Electric Fields' Zaachariaha Fielding Has Won The Wynne Art Prize

6 May 2023 | 9:45 am | Mary Varvaris

"I feel like dancing right now. The work is music, and I am music."

(Pic by Nina Hamilton)

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Zaachariaha Fielding, the lead vocalist of modern soul and electronic duo, Electric Fields, has another prize to add to his list of awards: the prestigious Wynne Art Prize.

Fielding, a first-time finalist, won the art prize for his acrylic painting that represents the sounds of Mimili, a small community in the eastern part of the Aṉangu Pitjantjatjara Yankunytjatjara (APY) Lands, per the Art Gallery of NSW. The stunning piece is titled Inma.

The Wynne Art Prize is given to the finest landscape painting that depicts Australian scenery or figure sculpture.

"I feel like dancing right now. The work is music, and I am music,” Fielding said upon receiving the prize from the Art Gallery of NSW Director, Michael Brand. “My work is a celebration and is a song in itself and the sound comes from my community.”

Per the National Indigenous Times, Fielding continued, "I am going to write an amazing song about this experience. My heart is so full. I can't wait to tell my family.

"This is a memory that I was able to document which happened in Paralpi. It's a place that's like the Sydney Opera House for the APY Lands."

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"It's where people come to embrace and celebrate children, teaching them how to move and mimic their clan emblem, and, for Mimili, this has always been the maku (witchetty grub)," Fielding added.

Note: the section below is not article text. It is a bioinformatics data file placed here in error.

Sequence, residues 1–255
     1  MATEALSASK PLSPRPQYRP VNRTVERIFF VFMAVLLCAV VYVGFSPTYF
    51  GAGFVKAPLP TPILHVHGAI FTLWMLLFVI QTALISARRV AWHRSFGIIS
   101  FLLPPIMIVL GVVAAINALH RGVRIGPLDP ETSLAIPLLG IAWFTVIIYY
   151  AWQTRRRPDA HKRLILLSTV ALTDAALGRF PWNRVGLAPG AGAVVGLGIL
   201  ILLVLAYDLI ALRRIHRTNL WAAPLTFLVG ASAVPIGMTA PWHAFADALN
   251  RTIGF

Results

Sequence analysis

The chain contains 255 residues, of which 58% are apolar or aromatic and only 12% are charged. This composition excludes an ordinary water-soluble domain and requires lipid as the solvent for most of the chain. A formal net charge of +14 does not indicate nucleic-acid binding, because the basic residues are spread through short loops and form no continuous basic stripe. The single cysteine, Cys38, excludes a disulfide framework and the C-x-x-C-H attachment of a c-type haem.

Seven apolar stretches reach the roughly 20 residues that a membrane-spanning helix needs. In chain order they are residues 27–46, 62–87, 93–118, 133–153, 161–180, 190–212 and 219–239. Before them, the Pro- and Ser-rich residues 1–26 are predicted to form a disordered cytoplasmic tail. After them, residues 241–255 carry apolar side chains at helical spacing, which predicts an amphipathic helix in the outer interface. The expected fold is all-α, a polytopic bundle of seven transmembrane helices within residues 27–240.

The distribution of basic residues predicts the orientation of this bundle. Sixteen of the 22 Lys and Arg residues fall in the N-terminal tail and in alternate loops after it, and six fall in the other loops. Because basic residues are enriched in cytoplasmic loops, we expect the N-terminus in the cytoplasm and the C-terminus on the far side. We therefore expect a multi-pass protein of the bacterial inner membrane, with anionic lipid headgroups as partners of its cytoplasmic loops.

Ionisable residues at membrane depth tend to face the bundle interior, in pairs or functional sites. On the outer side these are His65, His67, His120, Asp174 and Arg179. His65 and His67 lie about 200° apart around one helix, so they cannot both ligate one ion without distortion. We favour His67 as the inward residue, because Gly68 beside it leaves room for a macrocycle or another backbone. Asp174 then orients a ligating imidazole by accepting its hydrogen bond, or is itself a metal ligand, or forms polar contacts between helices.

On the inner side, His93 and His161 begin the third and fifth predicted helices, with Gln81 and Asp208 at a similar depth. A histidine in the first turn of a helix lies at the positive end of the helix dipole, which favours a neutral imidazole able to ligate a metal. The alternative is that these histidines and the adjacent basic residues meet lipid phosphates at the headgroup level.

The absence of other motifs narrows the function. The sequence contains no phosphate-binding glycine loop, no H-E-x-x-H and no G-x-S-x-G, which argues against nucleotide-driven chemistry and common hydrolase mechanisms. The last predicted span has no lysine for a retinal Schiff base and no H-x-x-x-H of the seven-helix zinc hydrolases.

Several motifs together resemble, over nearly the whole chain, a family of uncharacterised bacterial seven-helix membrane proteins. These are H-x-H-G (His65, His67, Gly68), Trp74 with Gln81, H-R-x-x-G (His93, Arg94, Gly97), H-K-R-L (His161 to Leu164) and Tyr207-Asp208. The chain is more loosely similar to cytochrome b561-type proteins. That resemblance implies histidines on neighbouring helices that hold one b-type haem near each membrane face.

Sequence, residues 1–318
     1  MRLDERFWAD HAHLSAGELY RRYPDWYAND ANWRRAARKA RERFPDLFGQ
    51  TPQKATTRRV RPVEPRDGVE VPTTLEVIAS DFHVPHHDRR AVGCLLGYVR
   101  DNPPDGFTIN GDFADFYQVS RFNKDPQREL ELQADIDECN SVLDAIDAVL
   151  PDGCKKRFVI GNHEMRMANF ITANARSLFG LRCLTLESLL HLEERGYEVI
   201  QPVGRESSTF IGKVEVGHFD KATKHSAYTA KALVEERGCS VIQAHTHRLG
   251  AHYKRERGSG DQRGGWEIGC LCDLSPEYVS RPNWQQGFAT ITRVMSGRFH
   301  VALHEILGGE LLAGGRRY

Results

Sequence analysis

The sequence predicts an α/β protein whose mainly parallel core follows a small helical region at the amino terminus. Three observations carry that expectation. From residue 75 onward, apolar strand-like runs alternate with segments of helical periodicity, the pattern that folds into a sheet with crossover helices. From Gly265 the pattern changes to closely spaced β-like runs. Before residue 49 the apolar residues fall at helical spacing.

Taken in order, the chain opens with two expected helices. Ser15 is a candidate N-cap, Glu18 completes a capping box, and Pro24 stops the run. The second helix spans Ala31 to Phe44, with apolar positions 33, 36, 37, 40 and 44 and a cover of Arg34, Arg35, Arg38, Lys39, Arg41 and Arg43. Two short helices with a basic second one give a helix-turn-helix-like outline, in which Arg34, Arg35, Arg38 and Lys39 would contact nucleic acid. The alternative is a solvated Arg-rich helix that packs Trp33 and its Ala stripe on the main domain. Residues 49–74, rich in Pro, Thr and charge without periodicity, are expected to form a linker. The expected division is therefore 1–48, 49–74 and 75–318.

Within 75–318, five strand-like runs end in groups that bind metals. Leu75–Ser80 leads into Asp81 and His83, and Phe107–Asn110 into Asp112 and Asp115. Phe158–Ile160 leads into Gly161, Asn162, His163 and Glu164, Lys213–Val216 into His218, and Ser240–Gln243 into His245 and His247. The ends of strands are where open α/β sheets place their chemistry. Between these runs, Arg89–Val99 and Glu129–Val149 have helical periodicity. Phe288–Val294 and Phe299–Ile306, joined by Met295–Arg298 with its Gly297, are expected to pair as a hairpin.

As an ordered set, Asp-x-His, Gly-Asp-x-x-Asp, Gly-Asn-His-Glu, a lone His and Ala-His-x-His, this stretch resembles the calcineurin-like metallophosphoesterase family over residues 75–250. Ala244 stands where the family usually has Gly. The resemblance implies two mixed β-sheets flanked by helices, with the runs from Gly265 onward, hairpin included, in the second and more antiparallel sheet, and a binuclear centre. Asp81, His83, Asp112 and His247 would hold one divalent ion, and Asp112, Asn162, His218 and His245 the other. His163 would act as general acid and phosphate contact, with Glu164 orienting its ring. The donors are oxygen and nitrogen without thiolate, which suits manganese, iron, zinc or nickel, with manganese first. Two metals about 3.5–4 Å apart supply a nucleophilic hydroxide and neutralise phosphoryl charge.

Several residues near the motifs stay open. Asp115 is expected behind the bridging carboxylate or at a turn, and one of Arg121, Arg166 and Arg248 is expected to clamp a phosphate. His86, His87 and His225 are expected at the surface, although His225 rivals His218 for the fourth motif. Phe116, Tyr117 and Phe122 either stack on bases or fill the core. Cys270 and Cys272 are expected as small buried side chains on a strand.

"The atmosphere of this work is full of sound, movement and teaching. All of the communities are coming together, sharing their storylines. However, this platform is only for children. This is for the babies and it's about them being taught by the masters, their Elders."

🎇 Congratulations to Zaachariaha Fielding, who has won the Wynne Prize 2023 for his painting 'Inma', which depicts the...

Posted by Art Gallery of New South Wales on Thursday, May 4, 2023

Yesterday, we reported that Julia Gutman’s Head in the sky feet on the ground, a portrait of Aussie singer Montaigne, took out another prestigious art prize, the Archibald.

Gutman’s piece is a work created with oil, found textiles and embroidery on canvas.

“I was really honoured to be chosen as a finalist let alone win this. I wouldn’t be making art if it wasn’t for my parents. I am very elated and clearly very elated to have won,” Gutman said, as reported by The Sydney Morning Herald.

“I’m not going to break into song, but it is really surreal.”